Asbestos Prisoner Study May Spell More Problems for Johnson & Johnson

A prison inmate drapes their hands over their cell bars.

Recent legal proceedings have shed light on a previously unknown aspect of Johnson & Johnson’s (J&J’s) history. Court documents show the pharmaceutical giant funded prison-based medical experiments in the 1970s. A Bloomberg report shared details of these tests. In one test, researchers paid male inmates to join a study that deliberately injected them with asbestos. Asbestos causes mesothelioma cancer.

The study aimed to compare the effects of asbestos versus talcum powder on the inmates’ skin. J&J talcum powder products periodically tested positive for asbestos from the 1970s to the 2000s.

Regardless of the study results, J&J’s sponsorship of it may cause additional legal woes for the company. J&J has been fighting litigation over asbestos in its talcum powder for nearly a decade. However, only one jury has seen evidence of this prison study.

In that court case, the jury had to decide whether a J&J product caused a woman to develop mesothelioma. Lawyers presented information about the prison study as part of the evidence against J&J. The study may have helped convince jury members that J&J knew its talc contained a cancer-causing material.

Ultimately, the jury awarded a sizable verdict to the woman who attributed her mesothelioma to J&J talc.

A J&J spokesperson has expressed regret over the company’s participation in the study. The spokesperson also noted the tests did not violate research standards at the time.

Bioethics professor Matthew Wynia, M.D., M.P.H., F.A.C.P., disagrees. In a statement to Medscape Medical News, Wynia pointed to research standards in the 1970s. He explained research standards generally paralleled those of the Nuremberg Code. The code indicates study participants must be free of coercion. Prison inmates are not considered free of coercion.

Do Prison Experiments Show J&J Had Long-Term Knowledge of Asbestos Dangers?

Publicly available evidence has not yet proven J&J understood the carcinogenic nature of asbestos before the 1970s. However, documents dating back more than 40 years show J&J knew their talc sometimes contained asbestos. Those documents also show the company actively covered up this knowledge.

Some may argue these documents demonstrate J&J knew their talc could harm consumers. But several juries have not been convinced of this.

Knowledge of J&J’s asbestos injection prison study may change that. According to one lawyer, these experiments show J&J worried about asbestos in its talc decades ago. If a jury agrees, J&J may have additional legal difficulties.

At least one jury has already demonstrated how this testing may affect lawsuits filed against the company. After seeing evidence of the prison study, a California jury ruled against J&J. That jury awarded $26 million to a teacher who fell ill after years of exposure to a J&J talcum powder product.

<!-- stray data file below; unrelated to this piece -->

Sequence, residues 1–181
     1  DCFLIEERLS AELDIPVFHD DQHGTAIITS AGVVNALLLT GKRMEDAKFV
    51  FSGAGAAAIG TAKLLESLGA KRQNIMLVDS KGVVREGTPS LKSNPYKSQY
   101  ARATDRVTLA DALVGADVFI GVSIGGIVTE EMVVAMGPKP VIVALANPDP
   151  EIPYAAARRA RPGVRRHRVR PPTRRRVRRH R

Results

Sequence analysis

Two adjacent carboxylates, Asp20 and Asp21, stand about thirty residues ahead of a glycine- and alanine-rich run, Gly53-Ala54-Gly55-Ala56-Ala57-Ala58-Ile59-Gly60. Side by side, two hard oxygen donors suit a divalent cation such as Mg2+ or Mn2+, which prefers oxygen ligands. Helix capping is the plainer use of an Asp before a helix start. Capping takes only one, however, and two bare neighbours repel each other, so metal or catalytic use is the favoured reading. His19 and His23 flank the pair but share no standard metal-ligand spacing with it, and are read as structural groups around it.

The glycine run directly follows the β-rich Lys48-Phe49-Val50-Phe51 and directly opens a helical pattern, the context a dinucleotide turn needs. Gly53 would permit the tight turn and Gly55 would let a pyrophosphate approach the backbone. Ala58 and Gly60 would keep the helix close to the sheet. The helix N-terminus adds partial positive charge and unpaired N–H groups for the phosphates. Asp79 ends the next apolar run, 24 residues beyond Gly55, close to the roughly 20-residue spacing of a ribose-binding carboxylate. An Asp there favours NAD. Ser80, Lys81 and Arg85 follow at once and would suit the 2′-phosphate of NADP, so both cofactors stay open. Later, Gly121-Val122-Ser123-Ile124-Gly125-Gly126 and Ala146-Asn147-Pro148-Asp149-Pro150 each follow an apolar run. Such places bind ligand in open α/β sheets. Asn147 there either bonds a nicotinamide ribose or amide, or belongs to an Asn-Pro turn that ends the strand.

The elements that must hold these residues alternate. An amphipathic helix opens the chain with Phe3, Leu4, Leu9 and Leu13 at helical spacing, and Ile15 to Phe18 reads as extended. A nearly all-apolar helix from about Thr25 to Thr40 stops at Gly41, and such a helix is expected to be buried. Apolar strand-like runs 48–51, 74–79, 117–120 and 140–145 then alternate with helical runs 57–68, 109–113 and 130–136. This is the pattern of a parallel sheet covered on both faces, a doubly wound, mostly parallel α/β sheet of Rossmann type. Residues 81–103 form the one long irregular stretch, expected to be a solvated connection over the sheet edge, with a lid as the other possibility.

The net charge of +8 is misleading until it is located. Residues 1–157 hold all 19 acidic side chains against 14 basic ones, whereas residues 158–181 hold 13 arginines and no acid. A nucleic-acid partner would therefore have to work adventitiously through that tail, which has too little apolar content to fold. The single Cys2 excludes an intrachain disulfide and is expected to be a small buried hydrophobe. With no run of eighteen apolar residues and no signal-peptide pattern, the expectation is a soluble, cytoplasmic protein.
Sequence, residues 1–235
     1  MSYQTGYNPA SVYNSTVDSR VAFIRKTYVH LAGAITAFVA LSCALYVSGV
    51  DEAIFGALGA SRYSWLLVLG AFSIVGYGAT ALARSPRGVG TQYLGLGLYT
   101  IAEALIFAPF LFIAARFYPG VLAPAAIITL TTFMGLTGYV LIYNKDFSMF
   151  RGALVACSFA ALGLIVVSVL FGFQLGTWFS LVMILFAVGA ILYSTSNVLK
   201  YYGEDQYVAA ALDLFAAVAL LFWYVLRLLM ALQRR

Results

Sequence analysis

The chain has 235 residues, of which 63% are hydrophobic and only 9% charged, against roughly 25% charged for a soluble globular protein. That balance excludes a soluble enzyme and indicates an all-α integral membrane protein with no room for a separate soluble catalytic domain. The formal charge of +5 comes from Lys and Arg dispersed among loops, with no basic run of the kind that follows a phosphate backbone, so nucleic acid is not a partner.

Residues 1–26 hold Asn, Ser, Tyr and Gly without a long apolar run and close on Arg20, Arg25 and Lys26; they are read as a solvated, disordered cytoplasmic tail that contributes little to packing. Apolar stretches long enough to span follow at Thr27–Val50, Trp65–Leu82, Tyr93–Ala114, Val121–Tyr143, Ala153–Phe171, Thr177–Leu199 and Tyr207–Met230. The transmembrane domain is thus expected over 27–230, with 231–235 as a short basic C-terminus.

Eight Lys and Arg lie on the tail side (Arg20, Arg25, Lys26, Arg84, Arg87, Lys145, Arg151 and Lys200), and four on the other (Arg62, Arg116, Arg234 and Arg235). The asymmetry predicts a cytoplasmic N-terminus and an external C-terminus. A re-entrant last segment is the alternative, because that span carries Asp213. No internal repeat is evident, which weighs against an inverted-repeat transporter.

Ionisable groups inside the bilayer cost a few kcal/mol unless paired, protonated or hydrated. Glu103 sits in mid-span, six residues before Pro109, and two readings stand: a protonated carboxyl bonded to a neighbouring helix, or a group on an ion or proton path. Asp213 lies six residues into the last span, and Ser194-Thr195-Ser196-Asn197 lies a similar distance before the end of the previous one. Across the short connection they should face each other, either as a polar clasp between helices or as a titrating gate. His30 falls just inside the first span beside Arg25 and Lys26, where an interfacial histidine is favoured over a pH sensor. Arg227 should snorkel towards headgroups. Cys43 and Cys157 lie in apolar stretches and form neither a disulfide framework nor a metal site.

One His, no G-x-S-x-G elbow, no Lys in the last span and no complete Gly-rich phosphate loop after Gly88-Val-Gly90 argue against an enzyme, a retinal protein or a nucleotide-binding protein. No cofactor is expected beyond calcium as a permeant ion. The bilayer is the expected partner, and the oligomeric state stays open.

J&J no longer sells talc-based Johnson’s Baby Powder in the United States and Canada. But asbestos-related diseases can take years to develop. For instance, mesothelioma has a latency period of 10 to 50 years. This means asbestos-contaminated talc could still harm people for decades to come.

What People Are Saying About the Holmesburg Prison Experiments

Albert Kligman, M.D., conducted the J&J asbestos injection study at Holmesburg Prison. Kligman also conducted hundreds of other experiments at the prison. At least one study participant has called Kligman “a monster.” Other individuals have weighed in on Kligman’s experiments and J&J’s sponsorship of them.

  • This kind of testing doesn’t seem family friendly…
    – Carl Tobias, law professor
  • Kligman was intentional in racializing his experiments.
    – Michael Krasuski, author
  • The Nuremberg Code says that [incarcerated people] can’t be used as subjects because they are coerced.
    – David Egilman, public health expert
  • [These experiments] show J&J was worried about asbestos in talc decades ago.
    – Joseph Satterley, attorney
  • At the time of these studies … testing of this nature among this cohort set was widely accepted.
    – J&J spokesperson

Future of J&J Talc Litigation Uncertain Despite Prison Experiment Evidence

Despite this recent jury ruling, the fate of nearly 40,000 pending J&J talcum powder lawsuits remains unclear. This uncertainty largely stems from recent legal maneuvers by J&J involving the following actions:

  • Creation of a new subsidiary called LTL Management LLC (LTL)
  • Assignment of J&J’s talc liabilities (lawsuits, verdicts and settlements) to LTL
  • Declaration of Chapter 11 bankruptcy for LTL

Critics say this strategy aims to protect J&J’s assets from victims of its talcum powder. But a recent court ruling found the critics’ arguments unpersuasive. The court allowed J&J to move forward with this “Texas two-step” maneuver.

It is unclear how this will affect current and future victims of asbestos-related diseases caused by contaminated talc.

Asbestos-Laced Talc Victims Can Pursue Justice Through the Courts

Evidence suggests J&J may have profited while knowingly exposing consumers to a carcinogen for decades. Individuals harmed by asbestos in J&J products may be able to gain compensation for their injuries.

Any consumer harmed by asbestos in a J&J product should speak with an experienced asbestos lawyer. The lawyer can help determine the best way to pursue justice and financial compensation.